Her lethargy leaves you with barely enough to do (rinse out sick bowls, apply cold face washers) except watch the clock as she tries her  best to compensate

for whatever damage is going on inside that little body.

You start to wonder if  she will ever be okay  again.

Some blood results come back looking better but then in the next breath you are told that others look worse

and that worse thing is poisoning her from the inside out.

It’s causing her to cry out and tell you that she ‘really can’t do this any more’.

It breaks your heart and makes it hard to stay strong.

In case you don’t know -

because I didn’t, kidney damage makes blood pressure go through the roof

and high levels of urea cause the heart to go too slow.

Once the infection has cleared it seems strange to see those numbers

but there they are, flicking up on the little monitor, bright as the day.

I don’t like numbers.

I don’t like monitors either.

Nor do I like that my (almost) eighteen year old daughters are playing mother while we are stuck in the hospital unmoving in more ways than one.

They’re stressed.

I’m stressed.

Their father is at work, bringing in an income.

He drives away at five in the morning and then it’s up to them to run the household.

I don’t like his work or their expectations, although I understand them.

I still don’t have to like anything about them -

especially the fact that he can’t be with the kids when I can’t be either.

So much for the promise I made to myself that I would never have latch-key children.

I have to rely on my kids to look after my other kids.

It’s hard to expect that of them.

It’s hard for me to see that happen.

Suddenly they have had to grow up all at once and that seems wrong to me.

They are doing admirably but I wonder how all of this will mess them around when their real adulthood arrives.

They are angry and frustrated and hurting too.

They are children, after all.

It’s close to midnight now on day six of this hospitalisation and I look at Ivy and wish for a different life for her.

I do that often theses days.

Tonight she has just had her fifth cannula placed in as many days, with countless attempts before success.

I am angry and beaten and sad and defeated all at once.

Her arms are black and blue and she is as pale as the white hospital sheets.

I’ve just checked that she is breathing for the umpteenth time.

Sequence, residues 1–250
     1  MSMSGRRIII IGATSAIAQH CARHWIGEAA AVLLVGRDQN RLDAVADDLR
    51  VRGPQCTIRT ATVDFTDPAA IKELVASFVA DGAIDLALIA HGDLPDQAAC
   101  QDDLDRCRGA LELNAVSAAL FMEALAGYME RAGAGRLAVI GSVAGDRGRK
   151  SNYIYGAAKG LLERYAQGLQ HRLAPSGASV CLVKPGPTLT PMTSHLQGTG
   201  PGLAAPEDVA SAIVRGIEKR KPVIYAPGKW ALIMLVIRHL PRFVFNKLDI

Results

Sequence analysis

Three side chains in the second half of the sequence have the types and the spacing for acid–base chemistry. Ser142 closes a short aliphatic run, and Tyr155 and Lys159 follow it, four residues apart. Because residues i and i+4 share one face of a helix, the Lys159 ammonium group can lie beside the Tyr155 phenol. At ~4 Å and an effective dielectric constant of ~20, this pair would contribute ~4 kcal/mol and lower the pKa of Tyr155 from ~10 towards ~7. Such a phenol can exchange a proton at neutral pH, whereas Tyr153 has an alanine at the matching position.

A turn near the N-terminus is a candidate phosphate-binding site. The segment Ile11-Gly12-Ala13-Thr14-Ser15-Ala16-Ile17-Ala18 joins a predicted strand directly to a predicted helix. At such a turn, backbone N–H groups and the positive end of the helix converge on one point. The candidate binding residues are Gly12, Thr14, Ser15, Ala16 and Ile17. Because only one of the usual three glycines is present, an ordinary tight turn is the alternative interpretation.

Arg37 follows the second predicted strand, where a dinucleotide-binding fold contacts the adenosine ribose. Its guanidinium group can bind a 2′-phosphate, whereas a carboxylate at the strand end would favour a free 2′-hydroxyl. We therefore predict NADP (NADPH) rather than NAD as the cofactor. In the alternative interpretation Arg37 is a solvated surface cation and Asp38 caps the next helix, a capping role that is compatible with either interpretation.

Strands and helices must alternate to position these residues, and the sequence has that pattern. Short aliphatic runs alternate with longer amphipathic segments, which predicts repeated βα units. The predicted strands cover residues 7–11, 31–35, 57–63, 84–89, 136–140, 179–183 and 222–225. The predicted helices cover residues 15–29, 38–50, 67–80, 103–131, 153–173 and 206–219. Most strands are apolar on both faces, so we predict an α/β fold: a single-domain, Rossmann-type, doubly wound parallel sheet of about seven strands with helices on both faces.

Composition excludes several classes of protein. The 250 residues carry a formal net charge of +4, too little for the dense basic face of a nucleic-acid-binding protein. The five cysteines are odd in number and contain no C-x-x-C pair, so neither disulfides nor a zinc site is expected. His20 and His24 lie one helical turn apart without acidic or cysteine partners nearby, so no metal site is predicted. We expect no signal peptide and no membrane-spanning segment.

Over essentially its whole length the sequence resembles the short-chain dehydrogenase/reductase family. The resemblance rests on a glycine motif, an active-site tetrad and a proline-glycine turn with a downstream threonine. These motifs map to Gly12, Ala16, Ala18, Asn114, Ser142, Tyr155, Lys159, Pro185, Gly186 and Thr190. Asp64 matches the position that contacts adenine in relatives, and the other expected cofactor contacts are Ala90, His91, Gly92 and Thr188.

This admission seems as though we are adrift on an angry ocean with no land in sight,

in a boat that is rapidly sinking -

which is no good, when you think you may have forgotten how to swim.

 

 

 

 

Hospital is not the place to recover from hospital.

What I know about Wednesday is that the girl had been telling me for a few days that she felt unwell.

Tired and generally feeling yuck.

I put it down to her being on Ciproxin, which is a notoriously horrible antibiotic

and upsets the gut really easily.

I knew that the night before she had vomited twice and her temperature was a bit up, along with her heart rate

but the doctors knew that too.

We checked in with them and were promptly admitted

and by Wednesday night Ivy had crashed and burned.

It turns out she has some kind of  acute renal failure,

her kidneys are pretty sick

and her creatinine climbing way out of the normal limits.

Tomorrow will be day four and she has made no gains yet -

there have been no improvements in her health,

only declines.

It’s all scary stuff when they start talking about trips to Sydney and dialysis.

In fact, I have to say that I’ve not coped very well at all this admission -

teary and frightened of shadowy, unreasonable fears.

Things that lurk in the back ground,

in my worst nightmares.

Her electrolytes are all out of balance,

and she has been very jittery (some kind of tetany they tell me)

but all I can think was that she is going to seize again.

I can’t sleep because I need to be sure it isn’t going to be like the last crash and burn,

which I am almost positive I’ve not recovered from.

There is a lot of new stuff that I have had to learn about very quickly, things that I haven’t dealt with before in the world of Ivy’s health